RESULTS: The study population included 52 children, 18 (35%) of whomwere obese. The mean age of obese children was 8.6 (range, 2.0-14.9) years. The mean age of normal-weight children was 6.4 (range, 2.1-12.9) years. Demographics were otherwise similar. The mean apnea-hypopnea index for obese children was 17.2 (5.0-38.0) and for normal-weight children was 15.7 (5.3-88.0). The BSI score was 55.3 (SD, 15.9) for obese and 55.9 (SD, 15.0) for normal-weight children. Seven (38.9%) obese and 12 (35.3%) normal-weight children had clinically significant or abnormal behavior. Similar results were seen for the BASC scales of atypicality, depression, hyperactivity, and somatization in both groups.
CONCLUSIONS: Behavioral problems are highly prevalent in children with OSA. However, these problems exist independently of whether children are obese or normal weight.
AD
Department of Otolaryngology-Head and Neck Surgery, Virginia Commonwealth University Medical Center, Richmond, Virginia 23298, USA. emilyrudnick@yahoo.com
PMID
36
TI
Neurobehavioral morbidity associated with disordered breathing during sleep in children: a comprehensive review.
AU
Beebe DW
SO
Sleep. 2006;29(9):1115.
 
STUDY OBJECTIVES: To comprehensively review research on the association between childhood sleep-disordered breathing (SDB) and neurobehavioral functioning.
DESIGN: Qualitative and quantitative literature review.
SETTING: N/A.
PATIENTS OR PARTICIPANTS: N/A.
INTERVENTIONS: N/A.
MEASUREMENTS AND RESULTS: The findings of 61 studies of the relationship between childhood SDB and neurobehavioral functioning were critically evaluated and synthesized. There is strong evidence that childhood SDB is associated with deficits in behavior and emotion regulation, scholastic performance, sustained attention, selective attention, and alertness. There is also evidence that SDB has minimal association with a child's typical mood, expressive language skills, visual perception, and working memory. Findings have been insufficient to draw conclusions about intelligence, memory, and some aspects of executive functioning. Mechanisms by which SDB might result in neurobehavioral morbidity are being explored, but clinical symptoms such as chronic snoring remain the best predictors of morbidity. Short-term SDB treatment outcome studies are encouraging, but the long-term outcomes are not known. Failing to treat SDB appears to leave children at risk for long-term neurobehavioral deficits.
CONCLUSIONS: Childhood SDB is associated with neurobehavioral morbidity. Applying commonly used guidelines for causal inference, even in the absence of a much-needed randomized clinical trial, there is strong evidence of association, consistent findings, and specificity of effect. There is suggestive evidence that this association fits the expected temporal pattern and that SDB is a biologically plausible cause of neurobehavioral deficits. Clinicians should be alert to the coexistence of SDB symptoms and concerns about a child's academic progress, attention, arousal, or behavior or emotion regulation.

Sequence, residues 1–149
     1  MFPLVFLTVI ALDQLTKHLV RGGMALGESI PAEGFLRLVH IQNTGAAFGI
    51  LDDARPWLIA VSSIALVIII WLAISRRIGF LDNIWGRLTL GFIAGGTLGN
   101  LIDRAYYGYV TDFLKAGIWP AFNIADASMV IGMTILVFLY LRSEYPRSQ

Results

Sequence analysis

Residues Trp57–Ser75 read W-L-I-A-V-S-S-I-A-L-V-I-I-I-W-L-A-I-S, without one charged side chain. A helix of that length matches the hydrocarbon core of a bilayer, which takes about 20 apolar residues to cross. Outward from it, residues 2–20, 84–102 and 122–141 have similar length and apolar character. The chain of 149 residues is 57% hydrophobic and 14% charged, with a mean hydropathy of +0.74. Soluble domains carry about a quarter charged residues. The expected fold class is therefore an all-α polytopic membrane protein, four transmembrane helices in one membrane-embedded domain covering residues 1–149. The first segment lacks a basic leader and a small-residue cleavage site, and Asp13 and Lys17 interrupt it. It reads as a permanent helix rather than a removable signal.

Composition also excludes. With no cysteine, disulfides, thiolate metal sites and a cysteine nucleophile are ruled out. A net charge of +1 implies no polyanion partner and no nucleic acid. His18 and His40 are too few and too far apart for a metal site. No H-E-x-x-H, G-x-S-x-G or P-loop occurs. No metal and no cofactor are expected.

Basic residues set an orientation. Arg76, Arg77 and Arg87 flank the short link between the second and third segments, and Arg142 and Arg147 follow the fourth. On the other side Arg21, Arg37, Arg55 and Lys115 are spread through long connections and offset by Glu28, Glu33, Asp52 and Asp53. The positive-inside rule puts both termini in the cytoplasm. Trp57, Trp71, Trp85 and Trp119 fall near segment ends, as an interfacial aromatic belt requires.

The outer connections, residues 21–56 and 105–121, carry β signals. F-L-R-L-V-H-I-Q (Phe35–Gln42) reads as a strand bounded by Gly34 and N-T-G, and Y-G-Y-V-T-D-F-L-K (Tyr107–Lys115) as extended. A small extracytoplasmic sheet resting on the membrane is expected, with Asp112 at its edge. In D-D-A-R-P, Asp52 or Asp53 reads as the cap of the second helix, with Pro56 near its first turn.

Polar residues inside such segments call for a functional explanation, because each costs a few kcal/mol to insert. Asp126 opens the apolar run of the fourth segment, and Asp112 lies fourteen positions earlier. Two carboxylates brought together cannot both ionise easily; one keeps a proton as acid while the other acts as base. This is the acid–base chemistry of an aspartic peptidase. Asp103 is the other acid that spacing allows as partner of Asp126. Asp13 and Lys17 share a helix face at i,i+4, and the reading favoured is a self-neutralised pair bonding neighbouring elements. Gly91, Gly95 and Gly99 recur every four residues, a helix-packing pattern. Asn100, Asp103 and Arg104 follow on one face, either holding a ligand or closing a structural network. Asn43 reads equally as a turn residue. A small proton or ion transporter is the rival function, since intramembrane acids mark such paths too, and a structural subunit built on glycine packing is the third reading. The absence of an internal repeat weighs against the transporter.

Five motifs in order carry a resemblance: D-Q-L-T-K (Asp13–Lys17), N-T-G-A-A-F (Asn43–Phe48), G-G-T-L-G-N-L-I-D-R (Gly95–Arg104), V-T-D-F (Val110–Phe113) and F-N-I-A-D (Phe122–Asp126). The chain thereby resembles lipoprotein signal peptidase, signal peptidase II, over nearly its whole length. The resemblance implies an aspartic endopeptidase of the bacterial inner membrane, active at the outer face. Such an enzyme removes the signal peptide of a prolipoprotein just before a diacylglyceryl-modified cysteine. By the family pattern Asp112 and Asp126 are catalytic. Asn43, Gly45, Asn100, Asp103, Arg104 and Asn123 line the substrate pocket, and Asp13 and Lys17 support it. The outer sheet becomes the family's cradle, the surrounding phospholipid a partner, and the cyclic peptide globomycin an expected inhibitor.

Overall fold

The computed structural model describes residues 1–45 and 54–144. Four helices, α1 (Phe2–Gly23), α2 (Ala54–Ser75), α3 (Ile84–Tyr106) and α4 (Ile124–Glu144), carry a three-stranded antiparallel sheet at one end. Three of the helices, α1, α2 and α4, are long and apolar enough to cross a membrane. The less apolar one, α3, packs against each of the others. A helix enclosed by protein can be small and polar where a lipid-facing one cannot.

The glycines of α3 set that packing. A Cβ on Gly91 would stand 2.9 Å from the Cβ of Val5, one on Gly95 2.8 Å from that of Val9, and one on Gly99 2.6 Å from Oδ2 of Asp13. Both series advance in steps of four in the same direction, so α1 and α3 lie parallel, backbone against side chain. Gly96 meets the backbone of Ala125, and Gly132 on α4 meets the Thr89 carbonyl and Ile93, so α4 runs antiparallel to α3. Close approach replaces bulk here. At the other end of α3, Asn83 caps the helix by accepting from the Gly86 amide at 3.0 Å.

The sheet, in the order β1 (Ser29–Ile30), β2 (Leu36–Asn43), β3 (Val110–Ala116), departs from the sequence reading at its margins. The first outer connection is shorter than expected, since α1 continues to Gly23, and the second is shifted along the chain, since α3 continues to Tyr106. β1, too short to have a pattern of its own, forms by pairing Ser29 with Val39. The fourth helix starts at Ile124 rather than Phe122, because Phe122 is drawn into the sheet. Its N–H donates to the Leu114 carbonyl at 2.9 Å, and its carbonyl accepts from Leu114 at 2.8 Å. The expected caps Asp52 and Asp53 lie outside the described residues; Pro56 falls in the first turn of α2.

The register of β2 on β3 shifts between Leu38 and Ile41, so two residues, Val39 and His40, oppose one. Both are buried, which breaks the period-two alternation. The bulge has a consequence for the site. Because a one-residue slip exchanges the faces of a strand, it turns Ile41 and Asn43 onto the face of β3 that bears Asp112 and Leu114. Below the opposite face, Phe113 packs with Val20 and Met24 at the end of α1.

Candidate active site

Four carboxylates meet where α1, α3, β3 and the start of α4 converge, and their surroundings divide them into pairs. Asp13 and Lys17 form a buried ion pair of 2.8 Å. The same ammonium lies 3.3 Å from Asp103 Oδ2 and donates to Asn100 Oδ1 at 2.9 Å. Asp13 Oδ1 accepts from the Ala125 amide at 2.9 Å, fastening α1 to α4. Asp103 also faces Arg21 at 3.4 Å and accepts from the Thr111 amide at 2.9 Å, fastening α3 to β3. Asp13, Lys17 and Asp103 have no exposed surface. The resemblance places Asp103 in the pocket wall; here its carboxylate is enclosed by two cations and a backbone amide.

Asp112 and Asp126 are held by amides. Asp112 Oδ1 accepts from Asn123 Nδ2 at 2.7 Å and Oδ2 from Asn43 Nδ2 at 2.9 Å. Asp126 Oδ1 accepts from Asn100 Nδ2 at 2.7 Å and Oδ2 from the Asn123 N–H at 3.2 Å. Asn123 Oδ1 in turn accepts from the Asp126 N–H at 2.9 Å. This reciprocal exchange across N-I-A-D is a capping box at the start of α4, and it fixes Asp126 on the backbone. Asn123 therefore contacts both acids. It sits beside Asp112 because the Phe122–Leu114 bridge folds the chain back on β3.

AD
Cincinnati Children's Hospital Medical Center, Department of Pediatrics, University of Cincinnati School of Medicine, Cincinnati, OH 45229, USA. dean.beebe@cchmc.org
PMID
37
TI
Persistent snoring in preschool children: predictors and behavioral and developmental correlates.
AU
Beebe DW, Rausch J, Byars KC, Lanphear B, Yolton K
SO
Pediatrics. 2012 Sep;130(3):382-9. Epub 2012 Aug 13.
 
OBJECTIVE: To clarify whether persistent snoring in 2- to 3-year-olds is associated with behavioral and cognitive development, and to identify predictors of transient and persistent snoring.
METHODS: Two hundred forty-nine mother/child pairs participated in a prospective birth cohort study. Based upon parental report of loud snoring≥2 times weekly at 2 and 3 years of age, children were designated as nonsnorers, transient snorers (snored at 2 or 3 years of age, but not both), or persistent snorers (snored at both ages). We compared groups by using validated measures of behavioral and cognitive functioning. Potential predictors of snoring included child race and gender, socioeconomic status (parent education and income), birth weight, prenatal tobacco exposure (maternal serum cotinine), childhood tobacco exposure (serum cotinine), history and duration of breast milk feeding, and body mass relative to norms.
RESULTS: In multivariable analyses, persistent snorers had significantly higher reported overall behavior problems, particularly hyperactivity, depression, and inattention. Nonsnorers had significantly stronger cognitive development than transient and persistent snorers in unadjusted analyses, but not after demographic adjustment. The strongest predictors of the presence and persistence of snoring were lower socioeconomic status and the absence or shorter duration of breast milk feeding. Secondary analyses suggested that race may modify the association of childhood tobacco smoke exposure and snoring.
CONCLUSIONS: Persistent, loud snoring was associated with higher rates of problem behaviors. These results support routine screening and tracking of snoring, especially in children from low socioeconomic backgrounds; referral for follow-up care of persistent snoring in young children; and encouragement and facilitation of infant breastfeeding.
AD